By Josh Magill
The slaughter of a wolf pack by the Washington State Department of Fish and Wildlife to assuage concerns of local cattle ranchers in the north-central section of the state has triggered an enormous political backlash.
At the center of the controversy is Bill McIrvin, co-owner of the Diamond M Ranch in Colville, Washington.
An online petition dubbed “Remove Bill McIrvin’s Herd from Public Land” was created by outraged folks after the late September cull of eight wolves, called the Wedge Pack, in northeast Washington. McIrvin, with his family, owns and operates the Diamond M Ranch that urged Washington’s Department of Fish & Wildlife (WDF&W) to eradicate the cattle-hungry wolf pack. The McIrvins claim that up to 40 calves and cattle have been attacked or killed by the wolves since 2007.
The petition has garnered just more than 100 electronic signatures, but does not have much hope of actually ending the public land lease the ranch has to graze their livestock. But it isn’t the petition McIrvin is worried about.
McIrvin explained to NBC News that he believes groups with “a radical environmental agenda” are conspiring to introduce gray wolves in order “to take our (grazing) lease from us.”
“We have the right to protect our property,” McIrvin said, adding that he considered the wildlife department “a rogue government agency” that was essentially saying “we got to sit back and do nothing while the wolves kill our livestock.”
Conservation Northwest, a group who is working with the state, reluctantly agreed that killing the pack was best for long-term recovery of gray wolves in the wild.
But director Mitch Friedman told NBC News that McIrvin “has total responsibility for the problem” for not being as cooperative as other ranchers with programs aimed at keeping cattle and wolves apart.
The wildlife department “has not been as firm as it needed to be,” Friedman added, considering McIrvin’s cattle graze on public land.
At a public hearing held by the WDF&W in early October, many people voiced concerns about why non-lethal methods were not used sooner or fully to deter the wolves. McIrvin spoke out saying that his ranch had done everything the WDF&W had suggested “except for a range-riding program and we have five riders of our own who do it very well.”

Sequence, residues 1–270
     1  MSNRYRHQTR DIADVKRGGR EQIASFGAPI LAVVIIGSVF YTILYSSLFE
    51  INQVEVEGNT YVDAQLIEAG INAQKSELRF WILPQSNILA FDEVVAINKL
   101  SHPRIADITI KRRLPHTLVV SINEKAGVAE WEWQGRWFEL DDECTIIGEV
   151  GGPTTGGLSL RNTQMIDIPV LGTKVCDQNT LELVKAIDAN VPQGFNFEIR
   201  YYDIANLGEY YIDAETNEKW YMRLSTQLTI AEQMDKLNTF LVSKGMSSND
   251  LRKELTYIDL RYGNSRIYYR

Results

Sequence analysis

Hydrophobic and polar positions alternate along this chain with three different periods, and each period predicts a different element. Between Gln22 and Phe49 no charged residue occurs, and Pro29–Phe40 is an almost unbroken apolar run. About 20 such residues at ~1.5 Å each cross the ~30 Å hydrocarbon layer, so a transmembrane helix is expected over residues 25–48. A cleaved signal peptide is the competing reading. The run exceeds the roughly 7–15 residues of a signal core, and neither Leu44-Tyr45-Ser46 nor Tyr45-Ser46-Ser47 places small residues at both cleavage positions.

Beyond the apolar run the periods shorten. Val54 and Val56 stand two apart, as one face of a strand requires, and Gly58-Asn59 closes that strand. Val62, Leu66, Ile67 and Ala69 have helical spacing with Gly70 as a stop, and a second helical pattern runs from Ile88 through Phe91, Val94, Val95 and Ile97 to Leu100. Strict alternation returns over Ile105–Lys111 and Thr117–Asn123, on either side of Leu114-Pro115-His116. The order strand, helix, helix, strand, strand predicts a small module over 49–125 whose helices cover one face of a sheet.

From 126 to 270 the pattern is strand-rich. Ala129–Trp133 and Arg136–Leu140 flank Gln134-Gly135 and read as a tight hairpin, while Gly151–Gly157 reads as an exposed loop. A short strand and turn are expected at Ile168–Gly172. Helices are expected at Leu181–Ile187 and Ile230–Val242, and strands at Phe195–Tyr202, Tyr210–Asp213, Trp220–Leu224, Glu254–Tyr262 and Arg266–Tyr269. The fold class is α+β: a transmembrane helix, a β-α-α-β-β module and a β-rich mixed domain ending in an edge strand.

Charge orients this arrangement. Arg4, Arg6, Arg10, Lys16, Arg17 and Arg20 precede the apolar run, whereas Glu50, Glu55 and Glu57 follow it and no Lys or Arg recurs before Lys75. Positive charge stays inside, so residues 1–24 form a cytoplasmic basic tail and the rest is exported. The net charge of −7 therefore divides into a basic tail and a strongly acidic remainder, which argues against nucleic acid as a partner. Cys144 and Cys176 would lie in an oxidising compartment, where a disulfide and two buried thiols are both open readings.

“We refused compensation for our killed stock because it would look like it was all right if the wolves ate our cattle as long as we got compensated,” added McIrvin. “It’s not all right. Half of the cattle were killed on our private ground, not on public land. Also, the game in the Wedge area is decimated. There’s bears, cougars and wolves and there’s no game base left. We need regional delisting.”
However, emotions continue to run high over the decision and the debate over wolf management in Washington will likely remain intense.
“We know these issues spark strong feelings among Washington residents across the state, which is why we are committed to conducting our business openly and transparently,” said WDF&W Director Phil Anderson.
The level of pressure on state wildlife managers has caused such blowback that calling the main number for the WDF&W results in a tell-tale recording: “If you’re calling regarding the Wedge Wolf Pack, please press # or the number sign now.”
John Marzluff, professor of Wildlife Science at the University of Washington, says the intensity of emotion from folks on both sides of the issue is to be expected.
“I think we have deep-seated feelings about wolves for the same reason we have them about crows and ravens,” says Marzluff. “These animals all lived close with us [earlier in our history]. As we evolved, they scavenged with us.”
“Often when we see wolves or ravens or crows, they are around the dead,” adds Marzluff. “Seeing this would be a powerful motivator and it would have scared early people. Now, we know these animals are not a menace to humans, but our culture is filled with the images of them as beasts. Culture is hard to shake and it causes us to see wolves in a way that is not real. We see them as we have learned about them, as a challenge to our existence.”
In an Oct 29 Seattle Times editorial, Marzluff went further saying he felt the removal of the Wedge pack “was an avoidable response to disingenuous ranchers who took advantage of the unwillingness of conservation agencies and advocacy groups to spend political capital.”
Marzluff disputes the notion that the Diamond M Ranch engaged all deterrent methods and says ranchers using public lands to graze that do not employ all methods should be penalized, rather than “squandering public funds.”
The professor says that humans haven’t learned from past mistakes with wolf packs and should change our tactics to see a better result.
“Our future holds more conflicts with wildlife,” states Marzluff in his editorial. “By learning to live with other forms of life, even those our ancestors reviled, we not only improve our ecosystem’s resilience – we show our uniqueness as a species.”
A long road awaits Washington on this topic, and it looks as though Washington will be on the front lines of the issue in the Pacific Northwest.
© 2012 Josh Magill